The Run Down

Wednesday, October 31, 2007

Book of the Week: Muse and Druge

I am interested in Black authors of the diaspora who push the realms of tradition. The good aspects must be preserved and transformed to meet the needs of modernity and to scratch the back of futurism.

As such I am going to make sure that I highlight a work of poetry that gets the thumbs up from me.

A lot of poets building off the the Harlem Renaissance and later Black Arts movement sought to generate a black poetical tradition that was firmly rooted in the history of Black American music expression. Thus you can see many experimenting with ways to transpose the modalities of jazz and blues to the written word.

One poet whom I think has done an excellent job is Harryette Mullen through her work Muse and Druge. Not only does she have an epic poem that lyrically resonates blues she has also successful transposed the subject matter of blues in her writing. The whole long poem is about that 'invisible woman' who is so because of the social circles she stepped into. Make some time and check it out.

Tuesday, October 30, 2007

Is there a polar shift?

Traditionally my greatest times for creative writing has been late at night. Recently that has shifted to early morning (is there a polar shift going on here). I think that I am storing more nervous energy (from various factors) in my physical and I don't fully let it out. I start my morning with various activities that actually release and accept in energy. While this may be okay to some it isn't to me because it means that if I ain't unwinding fully before I go to sleep then I am not getting the full benefits of sleep. Hmmmm...going to have to think on this one.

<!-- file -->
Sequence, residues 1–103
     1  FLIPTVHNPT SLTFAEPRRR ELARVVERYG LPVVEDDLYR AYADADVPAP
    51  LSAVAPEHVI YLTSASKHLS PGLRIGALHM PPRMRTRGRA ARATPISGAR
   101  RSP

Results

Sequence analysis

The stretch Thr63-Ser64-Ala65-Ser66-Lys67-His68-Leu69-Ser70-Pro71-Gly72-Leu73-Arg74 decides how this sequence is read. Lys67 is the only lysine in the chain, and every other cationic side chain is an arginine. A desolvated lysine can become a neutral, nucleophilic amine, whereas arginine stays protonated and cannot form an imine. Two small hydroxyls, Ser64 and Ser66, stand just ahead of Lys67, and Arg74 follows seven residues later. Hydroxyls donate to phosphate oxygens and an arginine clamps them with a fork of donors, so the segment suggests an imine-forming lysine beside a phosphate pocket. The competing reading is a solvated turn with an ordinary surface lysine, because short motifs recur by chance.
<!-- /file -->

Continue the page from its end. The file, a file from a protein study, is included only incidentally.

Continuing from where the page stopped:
Monday, October 29, 2007

Support my peeps!

Asiatic Light Publishing
Presents Eboni Joy Asiatic

From 85 to Civilized: An Earth's Journey in Poetry
by Eboni Joy Asiatic

Coming November 19th!

“The travel from darkness to light updated for our times”
Charles Jong, author of the poetry book Don't Shirk Your Duty

“Now poetry like this I can dig. Tell me again why stuff like this isn't in school?”
Charonda, SCSU student

“I like it. I like it alot”
Carol Anne, mother of three, neighborhood matriarch.

Monday, October 22, 2007

Science and Poetry?

Do you like sci-fi? Do you like poetry? How about having your cake and eat it to. Check out Star Line online science fiction poetry magazine. Also if you just like science and poetry check out Astropoetica. Finally if you want to check out some next level in poetical forms check out Mathematical Poetry. According to that blog "Mathematical poetry is an artistic expression created by performing mathematical operations on words or images as if they were numbers. One may find this baffling because it seems we are confused about knowing the difference between the states of quality versus quantity. But it is through the fusion of this dichotomy that mathematical metaphor is spawned. Mathematics has always been used for denotation. However, our interest is to use math as a language for connotation.". It a great merger of visual art with poetry like Amiri Baraka's Low Coup (calm down we'll get to them).